What is Juneteenth?
Former President Obama explained Juneteenth as “a time to recommit ourselves to the work that remains undone. We remember that even in the darkest hours, there is cause to hope for tomorrow’s light. Today, no matter our race, religion, gender, or sexual orientation, we recommit ourselves to working to free modern-day slaves around the world and to honoring in our own time the efforts of those who fought so hard to steer our country truer to our highest ideals.”
Two and a half years after President Lincoln’s Emancipation Proclamation, on June 19th 1865, General Granger arrived in Galveston Texas to share the news that the war had ended and slaves were free. The reason for the delay was because the Emancipation Proclamation only freed slaves in the Union territories and north, additionally there weren’t many union soldiers in Texas to help enforce the law until General Granger’s arrival. Granger told the public “All slaves are free. This involves an absolute equality of personal rights and rights of property between former Masters and slaves and the connection heretofore existing between them becomes that of an employer and hired labor.”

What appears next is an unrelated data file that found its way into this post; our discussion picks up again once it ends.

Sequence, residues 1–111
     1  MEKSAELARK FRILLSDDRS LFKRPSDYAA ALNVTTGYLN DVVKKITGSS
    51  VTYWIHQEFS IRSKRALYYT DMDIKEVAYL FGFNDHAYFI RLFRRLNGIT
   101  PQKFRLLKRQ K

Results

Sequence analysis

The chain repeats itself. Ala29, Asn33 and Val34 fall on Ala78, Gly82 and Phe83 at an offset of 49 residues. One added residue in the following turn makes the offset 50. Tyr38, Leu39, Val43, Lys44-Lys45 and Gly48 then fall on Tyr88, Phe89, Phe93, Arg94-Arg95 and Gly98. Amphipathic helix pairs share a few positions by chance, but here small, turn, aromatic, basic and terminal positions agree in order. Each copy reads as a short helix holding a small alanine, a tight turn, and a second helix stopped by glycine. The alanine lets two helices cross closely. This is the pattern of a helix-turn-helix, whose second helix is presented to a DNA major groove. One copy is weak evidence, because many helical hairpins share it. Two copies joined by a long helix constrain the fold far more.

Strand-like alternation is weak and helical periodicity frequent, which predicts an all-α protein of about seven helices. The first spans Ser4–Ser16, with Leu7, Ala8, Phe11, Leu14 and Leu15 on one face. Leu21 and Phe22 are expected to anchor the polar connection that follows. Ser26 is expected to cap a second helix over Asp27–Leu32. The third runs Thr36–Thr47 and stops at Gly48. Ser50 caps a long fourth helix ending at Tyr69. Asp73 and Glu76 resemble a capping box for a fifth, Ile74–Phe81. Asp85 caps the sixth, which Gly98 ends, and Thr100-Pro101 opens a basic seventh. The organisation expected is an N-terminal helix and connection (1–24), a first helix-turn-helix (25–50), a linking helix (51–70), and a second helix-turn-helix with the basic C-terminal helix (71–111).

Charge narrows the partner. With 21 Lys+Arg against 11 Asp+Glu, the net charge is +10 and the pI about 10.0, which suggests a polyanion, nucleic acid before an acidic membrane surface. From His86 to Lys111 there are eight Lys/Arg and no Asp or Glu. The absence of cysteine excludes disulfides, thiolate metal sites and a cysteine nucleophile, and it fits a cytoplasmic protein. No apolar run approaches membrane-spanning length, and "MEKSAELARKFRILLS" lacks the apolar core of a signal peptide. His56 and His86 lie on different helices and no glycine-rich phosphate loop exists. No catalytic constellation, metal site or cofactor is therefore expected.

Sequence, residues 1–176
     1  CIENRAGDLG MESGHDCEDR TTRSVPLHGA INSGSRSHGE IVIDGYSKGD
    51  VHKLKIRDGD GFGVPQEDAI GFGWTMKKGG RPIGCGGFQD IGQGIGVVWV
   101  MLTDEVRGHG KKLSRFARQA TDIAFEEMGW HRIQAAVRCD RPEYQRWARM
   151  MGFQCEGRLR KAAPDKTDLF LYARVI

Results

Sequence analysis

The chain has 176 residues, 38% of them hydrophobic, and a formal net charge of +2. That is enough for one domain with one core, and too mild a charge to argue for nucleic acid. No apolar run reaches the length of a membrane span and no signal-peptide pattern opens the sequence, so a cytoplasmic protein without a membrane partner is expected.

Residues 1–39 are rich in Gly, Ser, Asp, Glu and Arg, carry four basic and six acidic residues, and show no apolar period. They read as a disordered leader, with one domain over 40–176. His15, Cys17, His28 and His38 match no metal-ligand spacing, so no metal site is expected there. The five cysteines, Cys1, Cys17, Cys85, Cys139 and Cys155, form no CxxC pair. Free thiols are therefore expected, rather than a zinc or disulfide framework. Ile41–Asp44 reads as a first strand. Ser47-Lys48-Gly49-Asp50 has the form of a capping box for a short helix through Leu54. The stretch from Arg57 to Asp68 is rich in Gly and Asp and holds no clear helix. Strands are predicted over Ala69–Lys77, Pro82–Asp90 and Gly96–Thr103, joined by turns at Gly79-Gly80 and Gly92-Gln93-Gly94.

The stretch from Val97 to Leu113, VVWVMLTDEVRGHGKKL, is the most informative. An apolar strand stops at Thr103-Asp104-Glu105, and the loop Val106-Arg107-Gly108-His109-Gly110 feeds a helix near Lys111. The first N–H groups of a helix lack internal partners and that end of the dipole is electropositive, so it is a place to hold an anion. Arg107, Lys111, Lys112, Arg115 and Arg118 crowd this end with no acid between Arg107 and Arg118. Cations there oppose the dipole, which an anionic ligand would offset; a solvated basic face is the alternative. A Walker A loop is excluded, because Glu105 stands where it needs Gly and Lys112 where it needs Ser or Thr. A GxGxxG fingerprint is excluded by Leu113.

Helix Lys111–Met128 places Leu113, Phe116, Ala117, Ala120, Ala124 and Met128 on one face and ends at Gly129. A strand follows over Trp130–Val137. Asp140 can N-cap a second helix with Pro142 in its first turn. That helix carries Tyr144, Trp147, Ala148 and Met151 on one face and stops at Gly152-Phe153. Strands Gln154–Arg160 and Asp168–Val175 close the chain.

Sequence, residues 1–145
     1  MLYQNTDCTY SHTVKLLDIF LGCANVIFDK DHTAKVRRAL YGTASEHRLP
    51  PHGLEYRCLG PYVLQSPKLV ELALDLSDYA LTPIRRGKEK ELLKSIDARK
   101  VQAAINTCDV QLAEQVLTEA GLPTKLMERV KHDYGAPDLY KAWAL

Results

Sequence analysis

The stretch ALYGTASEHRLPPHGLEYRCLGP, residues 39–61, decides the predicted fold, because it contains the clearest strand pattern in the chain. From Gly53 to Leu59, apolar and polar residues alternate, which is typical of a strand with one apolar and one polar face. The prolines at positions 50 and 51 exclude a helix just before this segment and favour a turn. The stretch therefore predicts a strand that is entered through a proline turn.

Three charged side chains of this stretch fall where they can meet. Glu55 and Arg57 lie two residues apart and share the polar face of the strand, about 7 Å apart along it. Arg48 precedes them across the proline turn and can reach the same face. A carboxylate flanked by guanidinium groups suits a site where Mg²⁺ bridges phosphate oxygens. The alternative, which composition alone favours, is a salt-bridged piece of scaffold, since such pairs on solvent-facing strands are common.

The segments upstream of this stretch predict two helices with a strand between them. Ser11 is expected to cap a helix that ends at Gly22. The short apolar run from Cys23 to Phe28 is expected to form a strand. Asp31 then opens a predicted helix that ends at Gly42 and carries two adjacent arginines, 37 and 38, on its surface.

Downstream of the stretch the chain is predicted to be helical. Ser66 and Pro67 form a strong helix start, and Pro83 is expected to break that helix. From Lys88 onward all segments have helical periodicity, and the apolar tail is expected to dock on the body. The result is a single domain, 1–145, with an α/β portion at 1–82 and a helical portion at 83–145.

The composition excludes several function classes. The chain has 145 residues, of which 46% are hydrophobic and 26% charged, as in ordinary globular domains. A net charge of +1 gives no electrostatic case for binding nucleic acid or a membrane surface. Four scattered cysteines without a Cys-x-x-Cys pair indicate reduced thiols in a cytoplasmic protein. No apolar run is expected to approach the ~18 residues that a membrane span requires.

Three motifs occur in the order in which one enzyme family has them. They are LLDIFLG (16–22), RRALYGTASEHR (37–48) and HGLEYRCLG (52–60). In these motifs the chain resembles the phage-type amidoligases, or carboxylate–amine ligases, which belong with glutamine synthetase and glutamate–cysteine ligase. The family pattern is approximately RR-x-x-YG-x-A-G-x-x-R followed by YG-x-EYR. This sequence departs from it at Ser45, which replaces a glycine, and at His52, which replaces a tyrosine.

The freed slaves began to celebrate June 19th, a day that is now frequently called “Juneteenth”. In January 1, 1980, Al Edwards, an African American Texas legislator, encouraged and helped pass a law declaring Juneteenth an official state holiday. 45 states currently recognize Juneteenth as a state holiday.
In President Trump’s first Juneteenth statement He said “Granger’s astonishing words inspired soulful festivities and emotional rejoicing. Over the years, as freedmen and freedwomen left Texas, they took Juneteenth and its meaning with them. Today, we celebrate this historic moment in 1865, as we remember our Nation’s fundamental premise that all men and women are created equal. On Juneteenth 2017, we honor the countless contributions made by African Americans to our Nation and pledge to support America’s promise as the land of the free.”
For more information visit the Juneteenth official website.